Hamilton: Well, I think I once had the illusion that in writing a poem one might be able to reach into areas that ordinary real-life speech could not reach into. Say that the subject of a poem is the suffering of another person. I think I believed that by writing that poem, there might be some mitigation of the suffering. One knew that in life ordinary speech made little difference, couldnít save the other person from death or from illness. Poetic speech might work differently. Some magic seemed to be required. While writing a poem, one could have the illusion that one was talking in a magic way to the subject of the poem. One might even think that this is doing some good, making things better. And then, of course, you know it isnít. You wake up and find it hasnít.

Dale: Although you seem fairly negative about it now, that kind of feeling still has a kind of therapeutic value for the composer, doesnít it? I mean the illusion that you have actually got through does alleviate the emotional pressure within?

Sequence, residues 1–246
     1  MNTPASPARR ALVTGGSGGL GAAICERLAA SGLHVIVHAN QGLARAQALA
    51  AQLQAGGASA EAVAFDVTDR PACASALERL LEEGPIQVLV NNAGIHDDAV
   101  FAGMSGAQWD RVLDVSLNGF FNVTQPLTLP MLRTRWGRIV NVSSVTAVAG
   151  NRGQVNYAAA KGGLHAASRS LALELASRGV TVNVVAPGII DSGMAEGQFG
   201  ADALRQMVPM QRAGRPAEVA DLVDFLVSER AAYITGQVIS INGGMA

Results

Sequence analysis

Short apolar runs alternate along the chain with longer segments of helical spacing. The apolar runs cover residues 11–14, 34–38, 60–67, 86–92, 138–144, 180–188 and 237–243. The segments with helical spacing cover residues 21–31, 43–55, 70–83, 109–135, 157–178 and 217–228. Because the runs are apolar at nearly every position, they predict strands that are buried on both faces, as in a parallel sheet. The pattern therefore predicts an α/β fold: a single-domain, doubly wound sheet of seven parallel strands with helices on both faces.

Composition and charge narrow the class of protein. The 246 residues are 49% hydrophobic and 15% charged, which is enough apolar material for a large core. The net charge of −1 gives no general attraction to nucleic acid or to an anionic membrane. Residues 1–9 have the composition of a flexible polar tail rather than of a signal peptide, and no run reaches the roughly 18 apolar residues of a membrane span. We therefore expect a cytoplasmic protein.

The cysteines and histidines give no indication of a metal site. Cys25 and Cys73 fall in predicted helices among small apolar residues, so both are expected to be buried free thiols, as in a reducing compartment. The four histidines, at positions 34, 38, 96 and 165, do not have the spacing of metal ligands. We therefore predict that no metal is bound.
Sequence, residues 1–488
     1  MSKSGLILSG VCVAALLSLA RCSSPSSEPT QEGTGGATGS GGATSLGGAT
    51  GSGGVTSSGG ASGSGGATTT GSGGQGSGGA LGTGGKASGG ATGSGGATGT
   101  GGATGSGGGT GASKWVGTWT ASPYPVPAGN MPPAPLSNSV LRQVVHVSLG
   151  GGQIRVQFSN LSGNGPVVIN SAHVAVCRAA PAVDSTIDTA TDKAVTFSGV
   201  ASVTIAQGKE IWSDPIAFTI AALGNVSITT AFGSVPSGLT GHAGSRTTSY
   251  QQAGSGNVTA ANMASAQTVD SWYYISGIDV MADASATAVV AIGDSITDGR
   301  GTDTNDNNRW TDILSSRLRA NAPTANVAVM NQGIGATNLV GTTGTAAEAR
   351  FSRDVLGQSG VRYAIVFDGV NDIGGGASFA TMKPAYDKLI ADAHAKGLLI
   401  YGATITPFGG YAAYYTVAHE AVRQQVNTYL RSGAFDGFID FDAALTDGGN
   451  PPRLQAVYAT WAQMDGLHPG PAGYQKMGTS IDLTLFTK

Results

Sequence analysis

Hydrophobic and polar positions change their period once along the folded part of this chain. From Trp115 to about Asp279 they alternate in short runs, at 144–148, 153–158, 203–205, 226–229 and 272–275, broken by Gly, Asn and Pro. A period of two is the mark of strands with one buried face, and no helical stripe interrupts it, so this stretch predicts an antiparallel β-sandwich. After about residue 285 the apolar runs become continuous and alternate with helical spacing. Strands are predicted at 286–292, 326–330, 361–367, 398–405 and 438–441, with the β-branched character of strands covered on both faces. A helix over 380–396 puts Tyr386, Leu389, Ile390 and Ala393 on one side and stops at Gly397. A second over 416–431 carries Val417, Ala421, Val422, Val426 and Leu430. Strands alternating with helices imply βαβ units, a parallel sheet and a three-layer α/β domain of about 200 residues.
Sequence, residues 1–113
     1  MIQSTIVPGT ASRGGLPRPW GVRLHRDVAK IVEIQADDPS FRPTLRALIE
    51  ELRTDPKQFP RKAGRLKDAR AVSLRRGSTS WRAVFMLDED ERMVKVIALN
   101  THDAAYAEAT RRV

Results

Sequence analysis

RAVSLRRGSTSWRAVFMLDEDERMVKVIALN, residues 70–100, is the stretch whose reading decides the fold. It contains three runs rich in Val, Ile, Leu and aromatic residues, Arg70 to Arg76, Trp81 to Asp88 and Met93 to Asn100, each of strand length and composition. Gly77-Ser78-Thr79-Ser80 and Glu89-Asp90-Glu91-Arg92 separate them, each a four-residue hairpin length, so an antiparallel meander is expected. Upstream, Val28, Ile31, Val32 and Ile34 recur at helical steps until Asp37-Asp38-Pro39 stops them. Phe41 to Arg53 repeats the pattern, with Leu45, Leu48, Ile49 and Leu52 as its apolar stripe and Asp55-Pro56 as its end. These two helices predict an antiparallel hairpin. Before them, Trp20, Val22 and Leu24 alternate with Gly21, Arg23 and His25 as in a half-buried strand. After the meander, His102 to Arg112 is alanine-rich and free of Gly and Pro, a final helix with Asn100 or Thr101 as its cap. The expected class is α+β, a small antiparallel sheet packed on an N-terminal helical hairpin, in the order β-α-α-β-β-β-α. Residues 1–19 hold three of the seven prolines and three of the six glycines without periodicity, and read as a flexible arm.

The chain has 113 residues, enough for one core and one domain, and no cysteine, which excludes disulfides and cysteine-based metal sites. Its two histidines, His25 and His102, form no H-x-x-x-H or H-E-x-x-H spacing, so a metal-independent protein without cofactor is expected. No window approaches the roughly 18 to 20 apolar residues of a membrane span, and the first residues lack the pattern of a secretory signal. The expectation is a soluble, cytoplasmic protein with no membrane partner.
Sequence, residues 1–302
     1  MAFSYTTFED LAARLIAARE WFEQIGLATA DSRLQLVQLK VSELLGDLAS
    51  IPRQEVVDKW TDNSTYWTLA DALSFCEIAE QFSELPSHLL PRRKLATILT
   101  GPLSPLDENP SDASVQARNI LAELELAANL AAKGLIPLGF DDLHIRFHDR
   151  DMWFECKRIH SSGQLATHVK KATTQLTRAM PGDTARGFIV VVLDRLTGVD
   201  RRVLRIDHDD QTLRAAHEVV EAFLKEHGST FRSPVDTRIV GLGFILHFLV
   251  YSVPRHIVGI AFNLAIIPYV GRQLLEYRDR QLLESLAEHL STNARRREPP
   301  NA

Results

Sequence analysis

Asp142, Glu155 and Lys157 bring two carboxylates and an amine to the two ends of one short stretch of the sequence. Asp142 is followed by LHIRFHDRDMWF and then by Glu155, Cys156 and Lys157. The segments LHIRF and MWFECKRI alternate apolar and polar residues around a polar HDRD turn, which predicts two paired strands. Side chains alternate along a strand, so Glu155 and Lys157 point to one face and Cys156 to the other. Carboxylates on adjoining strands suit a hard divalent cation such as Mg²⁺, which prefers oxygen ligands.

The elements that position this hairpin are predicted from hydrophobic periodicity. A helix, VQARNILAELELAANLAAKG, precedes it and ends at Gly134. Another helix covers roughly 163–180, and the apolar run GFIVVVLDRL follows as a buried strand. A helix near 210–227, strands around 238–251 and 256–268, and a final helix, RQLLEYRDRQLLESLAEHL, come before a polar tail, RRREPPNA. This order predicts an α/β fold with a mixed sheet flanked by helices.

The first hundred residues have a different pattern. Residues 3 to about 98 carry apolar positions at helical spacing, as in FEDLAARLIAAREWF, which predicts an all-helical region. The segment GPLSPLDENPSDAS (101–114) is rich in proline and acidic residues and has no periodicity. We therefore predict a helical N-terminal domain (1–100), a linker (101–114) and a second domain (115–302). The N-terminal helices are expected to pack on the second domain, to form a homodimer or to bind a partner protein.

Hamilton: Yes, and then there is the poetry, the idea you may have made something in the process.

Dale: Yes. And one of its lasting attributes may be some therapeutic quality for certain readers who need it.

Hamilton: Well, if so thatís all to the good, but pretty secondary, I would say. Weíre talking like A.E. Housman now -- readers bristling when they shave.

Dale: Are we? We would never have been confident enough to speak about it like this in the sixties.

Hamilton: Well, probably not... But we did, in a way. We would say: this is a real poem. We know it when we see it. The concept of inspiration had been discredited. It was very difficult then to talk about inspiration, about magic. But they hadnít gone away: we did believe in the idea of the good poem as rare, mysterious, inspired, etc. Itís just that our way of saying this was to talk about genuineness, authenticity. We kept the mystical thing well hidden. Our way was to say: any fool can see that isnít a poem. (Laughter.) It might be an intelligent piece of writing but it isnít a poem. And so they say: well, why isnít it a poem? To which came the obvious reply: well, it just isnít and thatís that. There was a certain amount of that. If pressed, we might go on to say: all right, I will show you why it isnít, and we would start criticising this or that or the other bit of it or break things off from it. With a real poem, we would say, you canít break things off, you canít throw them away. You canít take whole lines and ditch them, you canít snap off stanzas, and so on. (Laughter.) A real poem wonít allow you to do that. Thereís nothing to break off: and the reason we know itís a real poem is that when we tried to do that to it we werenít able to.